Check your privileges

There are hierarchies and oppressive norms built into the texture of our society. No community or person is beyond them, no matter how radical or alternative they are. However, cultural change is not only possible but happening every day, and challenging these norms will take us closer to a more just society. To make Queerization the anti-authoritarian and conscious space we want it to be, we must work against discrimination, including but not limited to homo&transphobia, sexism, racism, ableism, ageism and classism.

Check your prejudice

Consider how your possible assumptions about people’s appearance, gender presentation, skin colour, verbal or physical abilities and class or migrant background might affect your behaviour towards others. Instead of making assumptions about people’s bodies, personalities, identities,  backgrounds or “where they come from”, let everybody represent themselves. Everyone has the right and sole autonomy to define their own identities, including their sexual and gender identity. Find out which gender pronouns people prefer: asking is the only way to know.

No means no – don’t be a creep

Respect everyone’s boundaries – both physical and emotional. Again, asking is the only way to find out what other people’s boundaries are. Always get verbal/explicit consent before touching someone.

Take responsibility

Remember that being drunk or high is never an excuse for bad behaviour, and note that some venues have a drug-free policy.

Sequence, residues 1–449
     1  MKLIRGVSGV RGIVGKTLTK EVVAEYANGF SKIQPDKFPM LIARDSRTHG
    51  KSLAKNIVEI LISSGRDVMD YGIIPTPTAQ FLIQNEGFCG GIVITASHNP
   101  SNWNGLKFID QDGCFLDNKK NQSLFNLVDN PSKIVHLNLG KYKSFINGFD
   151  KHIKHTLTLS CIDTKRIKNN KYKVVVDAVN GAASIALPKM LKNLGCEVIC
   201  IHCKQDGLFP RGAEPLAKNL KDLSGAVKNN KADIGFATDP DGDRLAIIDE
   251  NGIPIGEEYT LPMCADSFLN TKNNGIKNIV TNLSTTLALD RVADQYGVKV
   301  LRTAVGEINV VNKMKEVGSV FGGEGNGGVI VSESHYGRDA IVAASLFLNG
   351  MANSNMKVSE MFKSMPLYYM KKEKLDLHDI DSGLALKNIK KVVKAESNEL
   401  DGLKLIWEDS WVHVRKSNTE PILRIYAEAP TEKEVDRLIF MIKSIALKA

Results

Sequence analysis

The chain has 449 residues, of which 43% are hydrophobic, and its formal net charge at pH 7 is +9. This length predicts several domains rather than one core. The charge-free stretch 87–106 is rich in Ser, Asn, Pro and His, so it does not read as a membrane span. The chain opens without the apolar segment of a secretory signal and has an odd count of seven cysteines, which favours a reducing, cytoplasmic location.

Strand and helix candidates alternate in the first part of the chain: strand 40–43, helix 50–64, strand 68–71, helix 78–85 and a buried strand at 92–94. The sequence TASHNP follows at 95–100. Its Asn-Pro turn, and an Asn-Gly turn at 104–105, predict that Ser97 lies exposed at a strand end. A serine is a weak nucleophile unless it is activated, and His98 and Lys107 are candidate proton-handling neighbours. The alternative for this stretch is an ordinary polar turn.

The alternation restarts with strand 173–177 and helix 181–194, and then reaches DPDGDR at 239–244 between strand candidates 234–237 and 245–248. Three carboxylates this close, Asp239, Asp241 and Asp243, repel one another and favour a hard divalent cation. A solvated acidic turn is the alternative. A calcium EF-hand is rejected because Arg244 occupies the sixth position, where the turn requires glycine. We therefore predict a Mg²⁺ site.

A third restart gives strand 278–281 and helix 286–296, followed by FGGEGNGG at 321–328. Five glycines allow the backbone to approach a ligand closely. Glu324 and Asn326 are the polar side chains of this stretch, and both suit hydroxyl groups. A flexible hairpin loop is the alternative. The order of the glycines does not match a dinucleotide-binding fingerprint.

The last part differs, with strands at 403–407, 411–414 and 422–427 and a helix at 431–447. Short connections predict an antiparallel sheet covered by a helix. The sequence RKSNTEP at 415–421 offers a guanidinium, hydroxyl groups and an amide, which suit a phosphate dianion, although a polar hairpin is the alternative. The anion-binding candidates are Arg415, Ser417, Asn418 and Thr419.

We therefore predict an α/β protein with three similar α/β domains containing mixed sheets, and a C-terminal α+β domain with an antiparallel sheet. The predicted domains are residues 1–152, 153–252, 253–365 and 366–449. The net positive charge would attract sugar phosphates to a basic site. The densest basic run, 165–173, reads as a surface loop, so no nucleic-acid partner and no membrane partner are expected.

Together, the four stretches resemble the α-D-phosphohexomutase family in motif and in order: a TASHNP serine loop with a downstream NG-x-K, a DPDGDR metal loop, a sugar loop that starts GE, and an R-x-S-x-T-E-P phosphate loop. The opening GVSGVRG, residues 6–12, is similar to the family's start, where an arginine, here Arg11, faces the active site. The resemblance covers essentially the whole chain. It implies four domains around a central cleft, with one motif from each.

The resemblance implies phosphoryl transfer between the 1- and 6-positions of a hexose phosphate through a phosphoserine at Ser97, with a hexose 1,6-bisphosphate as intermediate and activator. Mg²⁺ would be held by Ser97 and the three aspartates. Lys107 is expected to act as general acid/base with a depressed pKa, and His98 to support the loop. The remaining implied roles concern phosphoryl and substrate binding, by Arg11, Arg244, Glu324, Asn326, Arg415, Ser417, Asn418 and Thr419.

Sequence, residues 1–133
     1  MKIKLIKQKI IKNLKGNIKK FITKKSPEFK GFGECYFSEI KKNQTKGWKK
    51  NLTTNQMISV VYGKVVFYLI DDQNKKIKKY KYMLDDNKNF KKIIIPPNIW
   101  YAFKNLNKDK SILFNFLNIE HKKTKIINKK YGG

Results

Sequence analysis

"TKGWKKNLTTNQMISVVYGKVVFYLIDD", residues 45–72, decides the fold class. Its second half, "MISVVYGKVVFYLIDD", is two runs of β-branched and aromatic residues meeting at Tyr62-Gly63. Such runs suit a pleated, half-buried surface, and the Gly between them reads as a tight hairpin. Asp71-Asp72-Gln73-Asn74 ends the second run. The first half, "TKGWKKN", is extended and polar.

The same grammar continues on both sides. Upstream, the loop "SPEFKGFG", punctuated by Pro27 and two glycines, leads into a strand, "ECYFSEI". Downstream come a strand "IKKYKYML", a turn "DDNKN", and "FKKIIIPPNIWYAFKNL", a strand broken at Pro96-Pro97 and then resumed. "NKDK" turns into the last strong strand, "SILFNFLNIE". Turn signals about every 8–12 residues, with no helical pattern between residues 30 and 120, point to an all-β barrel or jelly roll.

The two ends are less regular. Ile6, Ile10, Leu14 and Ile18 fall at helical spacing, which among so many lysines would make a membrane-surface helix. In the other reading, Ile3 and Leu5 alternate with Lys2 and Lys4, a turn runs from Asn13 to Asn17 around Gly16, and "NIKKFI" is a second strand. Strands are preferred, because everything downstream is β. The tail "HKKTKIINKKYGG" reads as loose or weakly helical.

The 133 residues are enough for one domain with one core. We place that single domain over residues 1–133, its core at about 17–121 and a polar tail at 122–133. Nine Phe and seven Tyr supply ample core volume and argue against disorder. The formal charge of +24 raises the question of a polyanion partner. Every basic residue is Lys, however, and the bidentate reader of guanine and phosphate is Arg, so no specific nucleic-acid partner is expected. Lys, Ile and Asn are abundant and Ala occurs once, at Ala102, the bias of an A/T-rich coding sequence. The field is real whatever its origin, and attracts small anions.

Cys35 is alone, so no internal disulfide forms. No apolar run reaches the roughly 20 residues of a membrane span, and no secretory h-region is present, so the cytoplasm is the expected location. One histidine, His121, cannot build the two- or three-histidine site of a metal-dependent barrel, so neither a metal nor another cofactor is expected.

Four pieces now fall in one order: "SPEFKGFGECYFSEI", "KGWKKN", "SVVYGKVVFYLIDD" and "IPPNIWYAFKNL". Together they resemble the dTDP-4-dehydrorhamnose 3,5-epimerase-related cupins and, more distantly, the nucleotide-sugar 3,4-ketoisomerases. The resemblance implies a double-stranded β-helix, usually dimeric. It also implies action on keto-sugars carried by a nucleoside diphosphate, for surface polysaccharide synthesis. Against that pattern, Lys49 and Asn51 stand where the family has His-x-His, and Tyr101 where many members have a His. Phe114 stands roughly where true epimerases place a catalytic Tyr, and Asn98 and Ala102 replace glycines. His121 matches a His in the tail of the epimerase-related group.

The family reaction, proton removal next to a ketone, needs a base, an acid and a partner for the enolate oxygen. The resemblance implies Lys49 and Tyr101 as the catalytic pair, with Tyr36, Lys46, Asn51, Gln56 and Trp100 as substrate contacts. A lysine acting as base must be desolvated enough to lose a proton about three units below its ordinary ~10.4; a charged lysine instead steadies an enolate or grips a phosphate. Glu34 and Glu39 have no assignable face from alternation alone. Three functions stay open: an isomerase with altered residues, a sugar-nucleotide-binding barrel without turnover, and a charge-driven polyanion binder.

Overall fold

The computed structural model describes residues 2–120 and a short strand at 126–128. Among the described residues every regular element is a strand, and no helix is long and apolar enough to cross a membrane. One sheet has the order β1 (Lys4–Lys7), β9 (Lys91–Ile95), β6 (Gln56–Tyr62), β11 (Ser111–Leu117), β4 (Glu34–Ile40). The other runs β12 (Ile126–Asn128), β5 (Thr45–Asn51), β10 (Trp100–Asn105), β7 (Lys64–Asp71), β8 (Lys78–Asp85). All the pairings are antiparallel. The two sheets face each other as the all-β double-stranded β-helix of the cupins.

Keep in mind that something you enjoy or are comfortable with might cause others discomfort and distress. If somebody experiences something hurtful, they have the right to feel hurt and express it without their experience being questioned or their tone being policed.

Making boundaries clear and heard is a question of safety to be considered, and communicated, by everyone. There is no reason to be defensive in these situations since it’s not a critique or attack towards your personality.


We don’t want to judge, push down or compete with anybody.

Let’s respect everyone’s potential for change and communicate in a constructive way. Judging one’s personal qualities or background is not a good way to intervene in oppressive behaviour. Instead, point out the unwanted actions. Here is one way to confront hurtful behaviour, divided into three steps.

  1. Name the unwanted behaviour: “Saying _______ can be hurtful towards…”
  2. Criticize: “Saying things come off racist/transphobic/…/. It contributes to these ____ stigmas.”
  3. Demand /propose change: “Words like _______ are respectful, you should use them instead…”

Practical stuff

Please stay mindful of children participating and try not to leave dangerous stuff lying around.

Smoking is only allowed outside venues. And please clean those cigarette butts, as well as other scrap, after you!

Unfortunately all the venues are completely accessible for wheelchair users (see info about venues) and have other kinds of limitations. All buildings are street level. All toilets are gender neutral. All venues can be reached by tram or metro, or with little walking.

Together we are strong

Ask for support if you need it. We are here for each other! You will recognise organisers by their armbands made of pink fabric.


We are not asking anyone to pretend being someone older, younger, stronger, healthier, cooler, smarter or queerer than they are, to compromise their mental or physical well-being in order to look more productive or to meet society’s other absurd expectations.

Instead we encourage everyone to challenge themselves every day to acknowledge their own privileges, stand up against injustices and work for better communities that are safer, more aware, sustainable and inclusive.

We know from experience that this will contribute to collective as well as your own well-being more than any luxury spa weekend or Road to Success -guidebook.